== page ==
Better-For-You Baked Ziti

by in Robin's Healthy Take, January 9, 2014

baked ziti
Baked ziti is a comfort food staple. But with loads of full-fat ricotta, mozzarella and sometimes even sour cream too, one serving can rack up the calories and saturated fat.

Read more

This Week’s Nutrition News Feed

by in Food News, January 8, 2014

utensils
In this week’s news: A high-tech fork tells eaters to proceed with caution; a cereal giant goes GMO-free; and a panel announces the best overall diet for 2014.

The Next Take on Slow Food?
A recent study published in the Journal of the Academy of Nutrition and Dietetics examined the relationship between eating speed (fast or slow) and meal satisfaction. The result: Subjects who ate food at a slower rate were more satisfied than those who were asked to eat quickly. Eating at a slower pace can also translate into eating fewer calories.

In related news: A reporter for the Wall Street Journal recently tested an electric fork that helps moderate eating speed. When the eater scarfs down food too quickly — taking multiple bites in 10 seconds — the fork vibrates.

Read more

7 Days of Healthy Snacks

by in Healthy Recipes, January 8, 2014

hummus
Well-balanced snacks can help keep you satisfied until your next meal. Think of them of as mini meals that provide your body with important nutrients like calcium and fiber. The ideal number of snacks depends on the individual but is usually one to two daily. And calorie-wise, snacks should be in the 150 to 200 range.

Read more

Smoothie of the Month: Pomegranate and Red Berries

by in Amy's Whole Food Cooking, January 7, 2014

pomegranate smoothie

When making a smoothie, it’s often a good idea to think about the color as well as the nutritional value and flavor of the final drink. Instead of throwing everything into the blender and ending up with an odd-colored smoothie that doesn’t taste much of anything, it’s helpful to stick to a theme. In this case I chose red fruits — pomegranate, strawberries, raspberries and goji berries — for a tasty and pretty result.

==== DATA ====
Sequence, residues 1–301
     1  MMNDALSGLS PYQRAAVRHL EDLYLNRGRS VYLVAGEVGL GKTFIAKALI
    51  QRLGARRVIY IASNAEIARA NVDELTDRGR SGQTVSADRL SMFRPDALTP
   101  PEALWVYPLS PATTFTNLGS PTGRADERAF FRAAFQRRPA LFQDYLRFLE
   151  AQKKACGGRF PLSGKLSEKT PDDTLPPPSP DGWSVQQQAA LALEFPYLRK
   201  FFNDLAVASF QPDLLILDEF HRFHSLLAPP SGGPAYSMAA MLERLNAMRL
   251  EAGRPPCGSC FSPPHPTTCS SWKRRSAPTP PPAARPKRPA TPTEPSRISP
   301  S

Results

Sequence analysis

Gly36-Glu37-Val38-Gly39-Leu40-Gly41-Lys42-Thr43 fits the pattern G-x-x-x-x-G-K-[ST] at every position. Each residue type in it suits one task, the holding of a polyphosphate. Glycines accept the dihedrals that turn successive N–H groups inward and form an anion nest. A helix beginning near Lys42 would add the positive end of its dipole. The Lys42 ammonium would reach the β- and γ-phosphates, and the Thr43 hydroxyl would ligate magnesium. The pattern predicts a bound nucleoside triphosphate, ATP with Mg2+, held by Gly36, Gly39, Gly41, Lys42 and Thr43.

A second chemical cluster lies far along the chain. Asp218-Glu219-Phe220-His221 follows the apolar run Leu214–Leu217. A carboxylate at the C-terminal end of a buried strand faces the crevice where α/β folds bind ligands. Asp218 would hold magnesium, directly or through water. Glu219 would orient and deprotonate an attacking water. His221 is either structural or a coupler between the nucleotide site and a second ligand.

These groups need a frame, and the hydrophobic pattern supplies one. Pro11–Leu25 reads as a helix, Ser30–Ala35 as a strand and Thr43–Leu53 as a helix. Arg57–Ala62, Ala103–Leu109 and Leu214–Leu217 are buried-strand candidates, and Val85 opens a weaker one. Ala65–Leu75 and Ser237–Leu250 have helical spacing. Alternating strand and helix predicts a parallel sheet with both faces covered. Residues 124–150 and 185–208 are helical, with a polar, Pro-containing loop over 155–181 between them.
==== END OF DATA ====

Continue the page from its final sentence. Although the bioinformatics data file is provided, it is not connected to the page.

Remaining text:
Read more

Grocery Store Traps to Avoid

by in Healthy Tips, January 6, 2014

shopping basket

You probably head to the store with the best of intentions — namely, to buy only the freshest healthiest food, stick to your list and stay within your budget. But by the time you reach the cashier, your cart inevitably holds several impulsive, and possibly less healthy, purchases. It’s not entirely your fault. Grocery stores have several tricks they use to tempt us to spend more and buy more than we bargained for. Here are a few sneaky things to look out for on your next shopping trip.

Read more

Why You Need Prebiotics (and Where to Find Them)

by in Healthy Tips, January 4, 2014

 

smoothie
The food we eat should not only be enjoyable, but also nourishing as well. With the recent surge of research on digestive health, the promotion of probiotics has become common. But without the right “food,” those healthy bacteria won’t last long –  much like a seed can’t grow without water. Enter prebiotics!

Read more

7 Health Food Trends for 2014

by in Food News, January 3, 2014

cauliflower
What new health food trends are on the horizon? Which ingredients will be in health food stores everywhere? And what will restaurant menus be peddling? Here’s the scoop for 2014.

Read more

5 Pieces of Diet Advice You’re Better Off Skipping

by in Diets & Weight Loss, January 2, 2014

fork with shadow
When the New Year arrives and the weight loss promises are made, the diet advice soon follows — and lots of it. But you’re better off ignoring these five “helpful” suggestions.

Read more

This Week’s Nutrition News Feed

by in Food News, January 1, 2014

kale close-up
In this week’s news: Vending machines may soon have to dispense more than just candy bars; nutrition professionals say count kale in (again) for 2014; and a dietitian explains the secret to making realistic New Year’s resolutions.

2014: Kale Still Ready For Its Close-Up
According to a survey of 500 dietitians on diet and nutrition trends for 2014, kale, coconut oil and chia seeds will remain on the scene; ancient grains are the next new thing; “low-fat” diets will lose some of their heft; and nutrition blogs will continue to boom (starting right here, of course).

Read more